Visit Tesco Bank All Round

3. Virgin Money All Round

Fees: None
Representative APR: 21.9%
Credit rating required: Good/excellent

A card from Virgin Money offers discounts on Virgin Group products and lengthy introductory rates for both balance transfers and purchases.

Introductory rates:

  • 0% on balance transfers for up to 23 months – 2.9% balance transfer fee
  • 0% on purchases for up to 20 months


  • Discounts on Virgin Experience Days, Virgin balloon flights and wine


One of the longest 0% balance transfer introductory periods and great perks if you use Virgin Group products.


The APR isn’t as low as other cards and the balance transfer fee can add extra cost if you are moving money across to it.

Visit Virgin Money All Round

Best 0% Purchase Credit Card

4. TSB Platinum Purchase Card

Fees: None
Representative APR: 19.9%
Credit rating required: Good/excellent

This is a simple, no-nonsense card that offers interest-free introductory periods on both purchases and balance transfers.

Introductory rates:

  • 0% on balance transfers for up to 20 months, 2.95% balance transfer fee
  • 0% on purchases for up to 20 months

Rewards/perks: None


Low APR and lengthy interest-free period, simple card with no bells and whistles.


No special bonuses and the 2.95% balance transfer fee is higher than most other cards.

Visit TSB Platinum Purchase Card

Best 0% Transfer Credit Card

5. Halifax Low Fee 0% Balance Transfer

Fees: None
Representative APR: 19.9%
Credit rating required: Good/excellent

This balance transfer card has a long introductory interest-free period to give you the best chance of paying off the debt. It also has a relatively low APR after that period.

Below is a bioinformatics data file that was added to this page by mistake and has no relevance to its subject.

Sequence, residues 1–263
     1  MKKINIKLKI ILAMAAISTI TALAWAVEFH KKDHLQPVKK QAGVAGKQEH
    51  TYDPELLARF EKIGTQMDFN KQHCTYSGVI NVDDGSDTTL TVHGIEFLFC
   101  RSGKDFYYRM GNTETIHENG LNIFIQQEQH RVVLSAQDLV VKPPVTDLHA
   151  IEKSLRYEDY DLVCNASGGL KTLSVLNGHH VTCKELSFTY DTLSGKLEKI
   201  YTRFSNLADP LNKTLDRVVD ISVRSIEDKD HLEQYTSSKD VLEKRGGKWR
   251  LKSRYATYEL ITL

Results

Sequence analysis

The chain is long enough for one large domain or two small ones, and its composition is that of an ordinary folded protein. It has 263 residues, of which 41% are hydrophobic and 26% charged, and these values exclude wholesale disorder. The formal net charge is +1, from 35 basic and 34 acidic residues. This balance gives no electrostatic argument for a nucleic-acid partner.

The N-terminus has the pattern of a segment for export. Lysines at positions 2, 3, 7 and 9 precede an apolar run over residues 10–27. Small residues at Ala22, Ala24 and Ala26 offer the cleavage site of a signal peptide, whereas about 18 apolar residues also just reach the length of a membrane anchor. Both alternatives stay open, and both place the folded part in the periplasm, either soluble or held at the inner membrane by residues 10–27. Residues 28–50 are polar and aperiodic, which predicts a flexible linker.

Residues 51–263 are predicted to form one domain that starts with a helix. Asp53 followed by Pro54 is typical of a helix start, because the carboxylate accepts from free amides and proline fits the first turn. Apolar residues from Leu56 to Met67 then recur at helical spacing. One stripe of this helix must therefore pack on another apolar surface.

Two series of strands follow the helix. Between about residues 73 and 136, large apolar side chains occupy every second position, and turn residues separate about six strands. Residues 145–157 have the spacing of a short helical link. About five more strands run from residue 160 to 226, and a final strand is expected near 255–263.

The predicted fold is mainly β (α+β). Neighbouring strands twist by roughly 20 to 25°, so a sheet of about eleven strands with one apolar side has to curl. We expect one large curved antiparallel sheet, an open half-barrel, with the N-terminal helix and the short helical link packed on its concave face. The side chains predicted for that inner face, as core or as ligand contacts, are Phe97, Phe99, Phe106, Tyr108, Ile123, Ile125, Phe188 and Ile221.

Introductory rates:

  • 0% on balance transfers for up to 23 months, 1.5% balance transfer fee
  • 0% on purchases for up to 9 months

Rewards/perks: None


Great length of introductory period and a fair 0% interest period for purchases too.


Despite being a card designed for balance transfers, there is still a balance transfer fee.

Visit Halifax Low Fee 0% Balance Transfer

Best Credit-Building Card

6. Capital One Classic

Fees: None
Representative APR: 34.9%
Credit rating required: Low/poor

This is a card for people looking to build (or rebuild) their credit.

With a lower credit limit, it should be easier to make and manage repayments to demonstrate your responsibility to future lenders.

Introductory rates: None


  • Manageable credit limit of £200–£1,500 (subject to status)
  • Two optional credit-limit increases a year if you meet requirements


This is a popular choice for those with limited eligibility for other credit and, if managed well, can be a great option for building credit.


To mitigate risk, Capital One offers a very steep APR and no introductory rates for purchases or balance transfers.

Visit Capital One Classic

Best Cashback Credit Card

7. American Express Platinum Cashback Everyday Credit Card

Fees: None
Representative APR: 22.2%
Credit rating required: Good/excellent

American Express offers credit card holders quite a few perks – and its cashback offer is better than anything else on the market at the moment.

Introductory rates: None


  • 5% cashback on all purchases in the first three months (up to £100)
  • 0.5% cashback on spends up to £5,000
  • 1% cashback on spends of more than £5,000
  • Access to Amex global assist services


Every purchase can make you money – which makes using your Amex card preferable when making big purchases.


No introductory interest-free period for purchases or balance transfers.

Visit American Express Platinum Cashback Everyday Credit Card

Best Reward Credit Card

8. M&S Bank – Reward Plus Credit Card

Fees: None
Representative APR: 19.9%